Today’s Post by Joe Farace
“Lighting is really common sense and personal observation. This is applied to a few rules of photography which cannot be broken and to others which I tend to bend a little.”—Paul Beeson
These days it seems that using LED lighting systems for studio portraiture is like puppies and kittens, everybody loves them and why not? All you need to do is turn on an LED light panel and shoot, right? While there’s obviously more to it than that, the WYSIWYG nature of LED lighting is especially helpful for new or aspiring pros who want to their portrait lighting skills to get up and running quickly. It’s also useful for applications were the lighting needs to be consistent so lots of portraits can be made in a short amount of time, something event photographers will take to heart.
Every time I tell a photographer that I’m shooting some of my glamour images using LEDs they ask, “I hear there’s color balance problems with them.” I hate to be the one to break it to you but there are color variations in every light source you might decide to use. Even the sun. At noon the light from the sun measures 5500 degrees Kelvin but on an overcast day the color temperature of light rises to 6700 degrees K. In open shade, you might encounter 9000 degrees Kelvin.
No light source is perfect and not all LEDs are made the same. Some LEDs have narrow angles of coverage and problems, such as Pulse Width Modulation, can cause flickering while giving the appearance of producing continuous light when, in fact, it’s not. Then there is the question of what is the actual spectrum of light being produced by the LEDs, which is why I use a spectrometer when testing these kinds of systems. Top it all with the fact that some LED lighting systems that I’ve tested are not all that bright causing me to use higher than normal ISO settings, which can result in increased image noise.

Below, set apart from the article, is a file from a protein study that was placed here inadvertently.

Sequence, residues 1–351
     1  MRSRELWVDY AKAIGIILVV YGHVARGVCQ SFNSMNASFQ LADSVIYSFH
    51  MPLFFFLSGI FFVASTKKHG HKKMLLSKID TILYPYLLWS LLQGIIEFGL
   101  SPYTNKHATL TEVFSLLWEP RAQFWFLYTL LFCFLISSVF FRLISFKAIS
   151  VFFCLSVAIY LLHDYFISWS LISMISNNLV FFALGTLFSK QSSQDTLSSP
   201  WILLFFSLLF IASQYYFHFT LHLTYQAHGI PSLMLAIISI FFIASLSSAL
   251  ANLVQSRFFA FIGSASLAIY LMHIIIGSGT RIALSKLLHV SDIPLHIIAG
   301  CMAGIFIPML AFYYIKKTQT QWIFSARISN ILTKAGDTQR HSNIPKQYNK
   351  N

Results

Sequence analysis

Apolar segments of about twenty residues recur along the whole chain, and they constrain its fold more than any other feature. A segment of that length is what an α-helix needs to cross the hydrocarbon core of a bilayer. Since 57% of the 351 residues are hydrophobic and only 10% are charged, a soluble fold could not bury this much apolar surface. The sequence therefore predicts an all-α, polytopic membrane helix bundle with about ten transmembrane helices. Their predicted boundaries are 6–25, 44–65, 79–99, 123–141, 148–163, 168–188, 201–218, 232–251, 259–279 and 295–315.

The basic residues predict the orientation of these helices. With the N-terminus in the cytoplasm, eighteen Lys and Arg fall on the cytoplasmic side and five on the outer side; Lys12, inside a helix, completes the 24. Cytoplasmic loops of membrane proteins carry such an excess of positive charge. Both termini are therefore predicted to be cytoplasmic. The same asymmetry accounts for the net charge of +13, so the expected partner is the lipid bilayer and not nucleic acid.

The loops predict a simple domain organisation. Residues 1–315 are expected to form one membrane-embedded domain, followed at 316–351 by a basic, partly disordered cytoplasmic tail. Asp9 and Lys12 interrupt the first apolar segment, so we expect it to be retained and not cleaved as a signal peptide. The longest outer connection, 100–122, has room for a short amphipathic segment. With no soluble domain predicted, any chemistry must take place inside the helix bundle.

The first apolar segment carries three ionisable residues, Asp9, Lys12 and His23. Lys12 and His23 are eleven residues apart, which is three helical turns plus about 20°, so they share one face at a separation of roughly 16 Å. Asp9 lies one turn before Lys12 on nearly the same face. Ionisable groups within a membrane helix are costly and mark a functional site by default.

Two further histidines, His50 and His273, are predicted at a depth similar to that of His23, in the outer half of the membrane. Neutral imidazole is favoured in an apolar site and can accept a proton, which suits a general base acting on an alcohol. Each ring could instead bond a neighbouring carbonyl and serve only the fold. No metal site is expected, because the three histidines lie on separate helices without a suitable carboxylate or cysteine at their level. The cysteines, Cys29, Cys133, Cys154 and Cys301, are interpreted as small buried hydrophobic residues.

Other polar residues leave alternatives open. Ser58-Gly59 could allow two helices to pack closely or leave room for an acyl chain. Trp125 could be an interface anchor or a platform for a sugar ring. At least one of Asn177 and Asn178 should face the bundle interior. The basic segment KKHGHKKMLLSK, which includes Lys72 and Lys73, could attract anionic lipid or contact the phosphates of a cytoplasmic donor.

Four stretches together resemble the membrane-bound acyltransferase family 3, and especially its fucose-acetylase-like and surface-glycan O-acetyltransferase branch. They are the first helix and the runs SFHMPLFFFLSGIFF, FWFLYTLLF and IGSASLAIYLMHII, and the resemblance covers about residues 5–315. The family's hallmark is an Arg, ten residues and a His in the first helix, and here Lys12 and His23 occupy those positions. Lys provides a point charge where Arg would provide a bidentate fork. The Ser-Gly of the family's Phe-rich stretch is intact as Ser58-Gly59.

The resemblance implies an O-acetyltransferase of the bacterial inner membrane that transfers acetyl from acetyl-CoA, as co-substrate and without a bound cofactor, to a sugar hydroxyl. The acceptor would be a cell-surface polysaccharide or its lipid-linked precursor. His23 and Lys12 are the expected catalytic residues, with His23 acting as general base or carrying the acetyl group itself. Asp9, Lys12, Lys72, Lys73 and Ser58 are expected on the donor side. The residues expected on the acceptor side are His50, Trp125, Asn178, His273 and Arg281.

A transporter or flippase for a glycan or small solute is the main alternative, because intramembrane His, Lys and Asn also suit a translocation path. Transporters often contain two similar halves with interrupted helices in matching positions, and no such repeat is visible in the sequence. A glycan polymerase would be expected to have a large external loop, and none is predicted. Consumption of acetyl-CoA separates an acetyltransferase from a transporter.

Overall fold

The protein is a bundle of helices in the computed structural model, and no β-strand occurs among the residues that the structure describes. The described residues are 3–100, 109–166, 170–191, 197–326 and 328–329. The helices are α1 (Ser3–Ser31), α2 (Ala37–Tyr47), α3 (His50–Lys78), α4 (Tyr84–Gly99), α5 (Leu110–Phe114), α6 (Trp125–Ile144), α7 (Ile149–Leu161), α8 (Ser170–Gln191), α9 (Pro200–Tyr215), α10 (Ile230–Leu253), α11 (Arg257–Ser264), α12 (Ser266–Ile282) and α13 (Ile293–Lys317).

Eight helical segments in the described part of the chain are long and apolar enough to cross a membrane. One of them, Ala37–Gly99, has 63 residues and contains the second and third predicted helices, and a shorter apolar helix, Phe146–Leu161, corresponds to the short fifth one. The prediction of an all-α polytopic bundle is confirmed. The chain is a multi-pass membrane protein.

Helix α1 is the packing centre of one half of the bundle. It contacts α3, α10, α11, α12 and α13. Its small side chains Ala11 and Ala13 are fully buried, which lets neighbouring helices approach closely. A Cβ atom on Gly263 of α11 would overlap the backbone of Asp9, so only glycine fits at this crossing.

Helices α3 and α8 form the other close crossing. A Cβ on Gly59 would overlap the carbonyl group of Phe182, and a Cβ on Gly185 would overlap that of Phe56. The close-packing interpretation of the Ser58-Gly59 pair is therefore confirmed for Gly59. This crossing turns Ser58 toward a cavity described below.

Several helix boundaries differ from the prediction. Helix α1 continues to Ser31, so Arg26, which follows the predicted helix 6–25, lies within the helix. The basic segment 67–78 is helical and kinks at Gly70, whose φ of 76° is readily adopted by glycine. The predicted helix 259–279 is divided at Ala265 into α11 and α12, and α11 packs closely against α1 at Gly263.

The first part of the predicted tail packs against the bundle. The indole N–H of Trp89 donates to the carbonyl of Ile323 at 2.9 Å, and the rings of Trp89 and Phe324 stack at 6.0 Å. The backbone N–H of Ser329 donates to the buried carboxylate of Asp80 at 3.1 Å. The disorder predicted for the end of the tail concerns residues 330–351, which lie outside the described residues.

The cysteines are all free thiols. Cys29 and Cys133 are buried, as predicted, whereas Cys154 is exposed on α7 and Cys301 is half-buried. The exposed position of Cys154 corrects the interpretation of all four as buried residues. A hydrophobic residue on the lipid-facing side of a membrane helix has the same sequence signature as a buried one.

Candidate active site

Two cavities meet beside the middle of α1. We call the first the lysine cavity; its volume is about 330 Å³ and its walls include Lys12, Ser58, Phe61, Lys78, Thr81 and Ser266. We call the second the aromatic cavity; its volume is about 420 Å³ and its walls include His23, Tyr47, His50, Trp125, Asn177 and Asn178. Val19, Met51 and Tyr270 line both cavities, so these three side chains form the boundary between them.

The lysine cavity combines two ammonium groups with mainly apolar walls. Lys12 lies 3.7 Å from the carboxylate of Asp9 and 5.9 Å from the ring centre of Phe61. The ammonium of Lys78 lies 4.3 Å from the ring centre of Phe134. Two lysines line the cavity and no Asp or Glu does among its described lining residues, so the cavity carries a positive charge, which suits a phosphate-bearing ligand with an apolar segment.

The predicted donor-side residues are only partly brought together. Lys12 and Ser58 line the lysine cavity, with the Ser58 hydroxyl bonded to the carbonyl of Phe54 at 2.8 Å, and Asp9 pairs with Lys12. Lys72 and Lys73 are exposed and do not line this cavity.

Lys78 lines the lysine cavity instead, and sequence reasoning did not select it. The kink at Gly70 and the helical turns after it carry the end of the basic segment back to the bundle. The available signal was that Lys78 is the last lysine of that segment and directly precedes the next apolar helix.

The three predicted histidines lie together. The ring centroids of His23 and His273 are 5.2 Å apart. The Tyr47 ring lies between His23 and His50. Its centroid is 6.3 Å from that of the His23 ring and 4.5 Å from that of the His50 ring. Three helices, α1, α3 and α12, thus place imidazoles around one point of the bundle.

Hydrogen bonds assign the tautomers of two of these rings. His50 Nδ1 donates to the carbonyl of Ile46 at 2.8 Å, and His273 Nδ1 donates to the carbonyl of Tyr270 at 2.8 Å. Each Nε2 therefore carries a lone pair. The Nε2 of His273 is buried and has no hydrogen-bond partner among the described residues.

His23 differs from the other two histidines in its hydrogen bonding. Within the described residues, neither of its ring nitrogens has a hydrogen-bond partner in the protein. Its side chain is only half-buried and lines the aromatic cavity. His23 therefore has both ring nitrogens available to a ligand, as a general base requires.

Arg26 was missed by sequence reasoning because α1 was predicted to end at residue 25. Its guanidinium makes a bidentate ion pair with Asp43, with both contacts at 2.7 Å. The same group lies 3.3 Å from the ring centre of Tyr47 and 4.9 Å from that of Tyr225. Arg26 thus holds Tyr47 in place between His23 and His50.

How I made this Shot: For this portrait of Pam Simpson giving me her best Cameron Diaz vibe, the lighting set-up was designed to mitigate any potential shininess caused by the subject’s makeup. To accomplish this goal there’s a 42 x72-inch Westcott Scrim Jim placed at camera right covered with their Full Stop Diffusion fabric and an LED light panel placed behind it . Another LED panel was located at camera left for fill. Background was a 53-inch roll of Savage Mocha seamless paper on, you guessed it, my falling apart JTL background stands.
The camera used was Canon EOS 60D with my go-to portrait lens—the EF 85mm f/1.8—achieving an exposure of 1/320 sec at f/4 and ISO 640. The JPEG file was retouched using my normal retouching techniques then color enhanced using the Bi-Color Filters that are part of Color Efex Pro along with a dash of the Glamour Glow filter.
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My book Joe Farace’s Glamour Photography is full of tips, tools and techniques for glamour and boudoir photography with new copies available from Amazon for $23.01. Used copies are selling for the hard-to-beat price price of $8.90, as I write this and the Kindle version is $19.99 for those who prefer a digital format.